Fig 5. Sketch of the serial manipulator showing all the joints and links

The above diagram is the sketch of the serial manipulator and shows the joints and links. The linear motion achieved by the screw joint movement is also shown. The table/stand shows the base. Vertical column with the grooved mounting consists link one. The horizontal cantilever beam can be considered the link two. The end effector is the gripper which is in form of two spur gears with the gripping plates mounted on them. The revolute joint between the base and the first link is also shown.

Thus, the joints and links are as follows:

  • Link 0 – Base
  • Link 1 – Column
  • Link 2 – Cantilever
  • Link 3 – End effector/gripper
  • Joint 1 – Revolute joint
  • Joint 2 – Screw (vertical) joint
  • Joint 3 – Screw (horizontal) joint

Joint 2 is responsible for vertical lift necessary for picking up the chess piece and go for the necessary movement once of has been grabbed properly by the gripper. Once the image processing of the grabbed images of the board and chess pieces on it are done, a move for the serial manipulator is decide and the commands for the necessary movements of the joints for execution of the decision are transferred to the microcontroller. It thus drives the servo motors in compliance with the commands generated. The initial task for the manipulator is always to reach the desired coordinates where it has to pick up the desired chess piece. The picking up of the chess piece is the next task. Then it needs to take the chess piece to the destined position and then place it back on the board at the new position.

Fig 6. (a) 3-D view of the gripper.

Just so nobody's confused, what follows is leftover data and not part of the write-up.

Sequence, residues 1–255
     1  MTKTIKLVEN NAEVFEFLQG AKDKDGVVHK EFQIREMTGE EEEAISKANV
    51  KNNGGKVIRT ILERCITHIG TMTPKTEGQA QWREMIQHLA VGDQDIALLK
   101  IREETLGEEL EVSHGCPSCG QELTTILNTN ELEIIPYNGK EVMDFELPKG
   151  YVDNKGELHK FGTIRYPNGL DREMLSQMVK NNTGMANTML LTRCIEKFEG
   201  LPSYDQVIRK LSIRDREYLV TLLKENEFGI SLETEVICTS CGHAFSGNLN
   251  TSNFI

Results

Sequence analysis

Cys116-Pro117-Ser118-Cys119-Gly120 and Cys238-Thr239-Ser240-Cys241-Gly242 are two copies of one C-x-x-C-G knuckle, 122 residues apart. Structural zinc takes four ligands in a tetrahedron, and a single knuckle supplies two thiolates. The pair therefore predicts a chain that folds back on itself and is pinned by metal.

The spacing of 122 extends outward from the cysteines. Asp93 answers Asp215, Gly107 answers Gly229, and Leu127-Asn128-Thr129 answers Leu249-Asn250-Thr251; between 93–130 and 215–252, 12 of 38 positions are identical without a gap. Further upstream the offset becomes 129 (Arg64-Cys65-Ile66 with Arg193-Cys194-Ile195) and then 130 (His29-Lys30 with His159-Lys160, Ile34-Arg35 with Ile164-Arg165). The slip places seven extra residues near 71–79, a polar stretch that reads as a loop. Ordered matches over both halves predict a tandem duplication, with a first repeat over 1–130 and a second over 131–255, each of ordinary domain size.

Fig 6. (b) Front and side view of the gripper.

Grabbing the chess piece, picking it up from the board and placing it back are similar kind of actions and can be grouped in a set. This set requires lowering of the gripper and holding the chess piece. Then it needs to be pulled up without disturbing the position of neighbouring chess pieces. This set of actions requires the movement of the grippers and joint 2.

Fig 7. The gripper picking up a piece.

The movement of joint 2 provides the lift necessary for picking and placing the pieces. The height of the lift should be such that while moving the grabbed pieces from one position to another, then it should be hit other pieces and thus should not disturb their position. This can be ensured by estimating the position from where the chess piece desired to be moved is grabbed by the gripper and the average height of the chess pieces above which this particular grabbed chess piece will pass during while traversing its path from its initial to the final position across the board.

For gripping the chess pieces spur gears are used on which gripping jaws are mounted. Actuation of the gears leads to the gripping action. The angle to which this gripping jaws can spread is decided by the angle by which this actuating spur gears (and in turn the shaft of the motor driving the spur gear arrangement) turn which is constrained by the distance rL of the piece from the neighbouring chess pieces.

Moving the gripper to the initial position of the chess piece and taking it to the desired destination is another set. This set of task requires knowledge of the coordinates of the place where the chess piece is positioned on the chess board in reference to suitable axes.

Fig 8. The polar coordinate system which is used to determine the location of the chess squares.

If the manipulator starts with the end effector located at O (0,0) for reaching destination with coordinates P(r, θ), then the Joint 1 will move by angle θ and then joint 3 will rotate by a certain degree so that the end effector travels the radial distance ‘r’.

Fig 9. Movement of the manipulator over the chessboard (Not to scale).

V. Robot Feedback and Control